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Ovarian cancer is difficult to diagnose, and often goes undetected. Here’s what you should know.



Raising awareness about ovarian cancer, the second most common gynecological cancer.

According to the Centers for Disease Control and Prevention (CDC), ovarian cancer causes more deaths than any other cancer of the female reproductive system.

September is Ovarian Cancer Awareness Month, a good time to shine the spotlight on this often-deadly disease and learn how to protect yourself and those you care about.

When diagnosed early, ovarian cancer can be treated and managed. The key to success: catching it early. Remember, never hesitate to contact your health care provider with questions or concerns.

Many Symptoms Mirror Common Illness

Part of the reason ovarian cancer is the cause of a disproportionately large number of gynecologic cancer-related deaths is due to its diagnostic difficulty; there’s no test currently available that can reliably detect the disease at an early stage, when it’s most easily treatable. Making matters worse, many symptoms of ovarian cancer resemble other common illnesses, which means it can be easy to miss or misdiagnose.

Regardless, the most important thing is to listen to your body and see a doctor if any of the following signs and symptoms occur for two weeks or longer:

  • Vaginal bleeding or abnormal discharge from your vagina
  • Pain or pressure in the pelvic area
  • Abdominal or back pain
  • Bloating
  • Difficulty eating, or feeling full too quickly
  • More frequent or urgent need to urinate and/or constipation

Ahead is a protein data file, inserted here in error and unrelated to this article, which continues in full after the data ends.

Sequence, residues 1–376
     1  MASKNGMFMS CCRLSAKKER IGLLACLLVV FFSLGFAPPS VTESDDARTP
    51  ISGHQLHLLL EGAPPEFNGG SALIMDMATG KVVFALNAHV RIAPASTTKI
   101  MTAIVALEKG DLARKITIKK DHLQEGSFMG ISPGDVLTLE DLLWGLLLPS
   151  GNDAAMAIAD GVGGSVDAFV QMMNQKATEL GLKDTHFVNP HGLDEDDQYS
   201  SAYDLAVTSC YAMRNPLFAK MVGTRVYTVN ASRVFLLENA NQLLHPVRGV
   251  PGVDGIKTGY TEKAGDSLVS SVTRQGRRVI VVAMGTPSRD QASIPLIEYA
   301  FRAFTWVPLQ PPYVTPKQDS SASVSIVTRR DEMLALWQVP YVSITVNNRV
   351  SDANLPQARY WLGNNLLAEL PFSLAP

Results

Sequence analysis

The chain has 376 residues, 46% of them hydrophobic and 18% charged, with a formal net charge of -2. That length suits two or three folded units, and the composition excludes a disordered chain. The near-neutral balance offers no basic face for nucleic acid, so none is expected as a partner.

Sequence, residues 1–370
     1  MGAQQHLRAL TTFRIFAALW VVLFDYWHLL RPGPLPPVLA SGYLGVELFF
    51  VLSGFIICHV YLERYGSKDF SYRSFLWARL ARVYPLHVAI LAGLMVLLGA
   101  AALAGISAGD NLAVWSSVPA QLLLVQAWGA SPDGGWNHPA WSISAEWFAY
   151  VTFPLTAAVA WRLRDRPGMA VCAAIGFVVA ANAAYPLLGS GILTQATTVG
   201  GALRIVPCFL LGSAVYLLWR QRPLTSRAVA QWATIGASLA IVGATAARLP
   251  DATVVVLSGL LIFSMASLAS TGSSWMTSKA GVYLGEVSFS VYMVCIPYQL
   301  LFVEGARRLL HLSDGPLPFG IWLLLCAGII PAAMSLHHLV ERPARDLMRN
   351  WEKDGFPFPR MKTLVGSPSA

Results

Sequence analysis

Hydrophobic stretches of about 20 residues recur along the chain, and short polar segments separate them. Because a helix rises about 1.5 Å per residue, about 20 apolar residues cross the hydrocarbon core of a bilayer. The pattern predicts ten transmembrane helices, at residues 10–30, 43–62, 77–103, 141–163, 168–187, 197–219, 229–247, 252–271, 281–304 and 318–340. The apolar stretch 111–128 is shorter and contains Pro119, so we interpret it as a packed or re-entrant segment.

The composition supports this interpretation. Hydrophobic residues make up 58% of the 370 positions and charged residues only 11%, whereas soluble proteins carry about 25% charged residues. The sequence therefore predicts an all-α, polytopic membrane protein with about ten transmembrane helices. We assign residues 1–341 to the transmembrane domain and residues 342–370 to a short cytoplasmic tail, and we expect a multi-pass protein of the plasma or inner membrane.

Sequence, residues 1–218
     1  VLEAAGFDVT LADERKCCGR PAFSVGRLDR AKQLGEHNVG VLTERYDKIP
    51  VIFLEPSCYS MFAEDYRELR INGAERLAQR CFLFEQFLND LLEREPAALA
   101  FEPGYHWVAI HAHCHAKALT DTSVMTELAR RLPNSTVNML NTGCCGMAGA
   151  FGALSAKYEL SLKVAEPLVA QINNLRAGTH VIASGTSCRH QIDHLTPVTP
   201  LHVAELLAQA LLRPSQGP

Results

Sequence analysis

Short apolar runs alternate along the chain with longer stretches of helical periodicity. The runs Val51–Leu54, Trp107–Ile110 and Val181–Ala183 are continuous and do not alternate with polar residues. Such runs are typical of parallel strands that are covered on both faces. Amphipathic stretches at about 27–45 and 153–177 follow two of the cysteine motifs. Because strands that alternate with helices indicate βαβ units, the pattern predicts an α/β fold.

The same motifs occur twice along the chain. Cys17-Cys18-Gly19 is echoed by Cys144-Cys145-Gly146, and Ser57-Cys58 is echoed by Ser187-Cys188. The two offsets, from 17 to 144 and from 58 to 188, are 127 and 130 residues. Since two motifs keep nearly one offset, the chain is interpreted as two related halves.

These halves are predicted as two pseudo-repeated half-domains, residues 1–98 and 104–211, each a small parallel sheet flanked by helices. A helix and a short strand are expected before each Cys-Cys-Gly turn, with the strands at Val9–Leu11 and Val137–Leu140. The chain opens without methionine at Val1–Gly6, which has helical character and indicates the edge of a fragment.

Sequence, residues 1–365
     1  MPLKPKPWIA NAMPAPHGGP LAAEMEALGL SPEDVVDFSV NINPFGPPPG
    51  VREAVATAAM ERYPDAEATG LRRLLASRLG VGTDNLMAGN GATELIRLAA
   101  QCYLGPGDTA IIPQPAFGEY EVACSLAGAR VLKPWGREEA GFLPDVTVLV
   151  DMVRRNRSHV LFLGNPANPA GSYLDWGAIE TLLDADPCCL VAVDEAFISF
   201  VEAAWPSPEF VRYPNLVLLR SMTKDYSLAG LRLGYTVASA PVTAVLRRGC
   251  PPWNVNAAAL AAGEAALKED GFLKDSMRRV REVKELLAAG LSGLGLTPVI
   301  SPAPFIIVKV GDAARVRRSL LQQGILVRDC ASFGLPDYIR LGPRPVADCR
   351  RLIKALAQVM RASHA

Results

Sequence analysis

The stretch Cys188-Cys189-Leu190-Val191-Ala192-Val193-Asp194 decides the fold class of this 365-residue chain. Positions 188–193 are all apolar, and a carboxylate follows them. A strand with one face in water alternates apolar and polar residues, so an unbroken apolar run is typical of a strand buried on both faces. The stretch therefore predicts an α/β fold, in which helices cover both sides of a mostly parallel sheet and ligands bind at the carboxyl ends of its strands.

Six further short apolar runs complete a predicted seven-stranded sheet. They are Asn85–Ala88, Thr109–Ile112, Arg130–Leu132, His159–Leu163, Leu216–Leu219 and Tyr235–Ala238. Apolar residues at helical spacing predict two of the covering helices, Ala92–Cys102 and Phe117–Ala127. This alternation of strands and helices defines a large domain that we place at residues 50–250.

Screening for ovarian cancer

According to the CDC, there are no simple, reliable tests for women without signs or symptoms of ovarian cancer. The American Cancer Society cites the three most common screenings and tests:

Pelvic exam While this exam can find some female cancers at an early stage, most early ovarian tumors are difficult or impossible to feel.

Transvaginal ultrasound (TVUS) This test uses sound waves to examine the uterus, fallopian tubes and ovaries. It can help find a tumor in the ovary, however, advanced imaging or a biopsy is needed to tell if it is cancerous or benign.

The CA-125 blood test looks for high levels of a protein called CA-125 in the blood, as any women with ovarian cancer (though not all) have elevated CA-125 levels. However, high levels of CA-125 are more often caused by conditions including endometriosis and pelvic infections.

Risk factors

While there is no way to know for sure if you will get ovarian cancer, several factors may increase a woman’s risk for the disease. Many of these risk factors are genetic, and not related to behavior. Below are the most common:

  • Being middle-aged or older
  • Having close family members (such as your mother, sister, aunt, or grandmother) who have had ovarian cancer
  • Having the BRCA1 or BRCA2 genes, or one associated with Lynch syndrome
  • Having had breast, uterine, or colorectal (colon) cancer
  • Having an Eastern European or Ashkenazi Jewish background
  • Having endometriosis
  • Having never given birth


Ovarian cancer treatment usually involves surgery and chemotherapy.

Why awareness matters

Treatment has mostly remained unchanged for over 40 years. Part of the reason newer and more effective treatments are lacking is funding: ovarian cancer is particularly underfunded and understudied compared with more well-known cancers.

Horizon encourages women to make an annual appointment with their OBGYN specialist and talk with relatives about any family history of ovarian cancer.

Horizon Health News is for informational purposes only and is not intended to be a substitute for professional medical advice, diagnosis, or treatment. Always seek the advice of your physician or other qualified health provider with any questions you may have regarding a medical condition.